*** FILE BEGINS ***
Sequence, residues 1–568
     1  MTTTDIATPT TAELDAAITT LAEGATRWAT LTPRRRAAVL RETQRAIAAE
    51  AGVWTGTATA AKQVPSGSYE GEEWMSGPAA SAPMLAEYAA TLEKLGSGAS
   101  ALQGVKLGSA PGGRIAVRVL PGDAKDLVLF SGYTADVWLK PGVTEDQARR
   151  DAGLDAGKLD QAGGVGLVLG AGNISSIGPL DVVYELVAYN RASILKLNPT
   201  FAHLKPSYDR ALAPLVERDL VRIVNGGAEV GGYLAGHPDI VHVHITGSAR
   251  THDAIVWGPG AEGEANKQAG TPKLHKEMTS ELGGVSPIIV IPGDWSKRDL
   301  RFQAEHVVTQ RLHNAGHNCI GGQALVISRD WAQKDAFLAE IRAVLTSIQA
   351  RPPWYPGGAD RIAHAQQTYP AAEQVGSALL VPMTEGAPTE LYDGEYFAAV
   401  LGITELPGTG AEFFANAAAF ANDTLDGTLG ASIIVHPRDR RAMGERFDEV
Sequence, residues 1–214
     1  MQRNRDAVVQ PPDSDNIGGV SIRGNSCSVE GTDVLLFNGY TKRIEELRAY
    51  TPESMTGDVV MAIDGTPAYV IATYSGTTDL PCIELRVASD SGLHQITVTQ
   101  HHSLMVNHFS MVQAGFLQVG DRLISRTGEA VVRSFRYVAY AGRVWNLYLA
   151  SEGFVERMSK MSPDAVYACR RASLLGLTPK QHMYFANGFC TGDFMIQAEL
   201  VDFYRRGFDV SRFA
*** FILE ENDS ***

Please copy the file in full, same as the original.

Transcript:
Sequence, residues 1–568
     1  MTTTDIATPT TAELDAAITT LAEGATRWAT LTPRRRAAVL RETQRAIAAE
    51  AGVWTGTATA AKQVPSGSYE GEEWMSGPAA SAPMLAEYAA TLEKLGSGAS
   101  ALQGVKLGSA PGGRIAVRVL PGDAKDLVLF SGYTADVWLK PGVTEDQARR
   151  DAGLDAGKLD QAGGVGLVLG AGNISSIGPL DVVYELVAYN RASILKLNPT
   201  FAHLKPSYDR ALAPLVERDL VRIVNGGAEV GGYLAGHPDI VHVHITGSAR
   251  THDAIVWGPG AEGEANKQAG TPKLHKEMTS ELGGVSPIIV IPGDWSKRDL
   301  RFQAEHVVTQ RLHNAGHNCI GGQALVISRD WAQKDAFLAE IRAVLTSIQA
   351  RPPWYPGGAD RIAHAQQTYP AAEQVGSALL VPMTEGAPTE LYDGEYFAAV
   401  LGITELPGTG AEFFANAAAF ANDTLDGTLG ASIIVHPRDR RAMGERFDEV
Sequence, residues 1–214
     1  MQRNRDAVVQ PPDSDNIGGV SIRGNSCSVE GTDVLLFNGY TKRIEELRAY
    51  TPESMTGDVV MAIDGTPAYV IATYSGTTDL PCIELRVASD SGLHQITVTQ
   101  HHSLMVNHFS MVQAGFLQVG DRLISRTGEA VVRSFRYVAY AGRVWNLYLA
   151  SEGFVERMSK MSPDAVYACR RASLLGLTPK QHMYFANGFC TGDFMIQAEL
   201  VDFYRRGFDV SRFA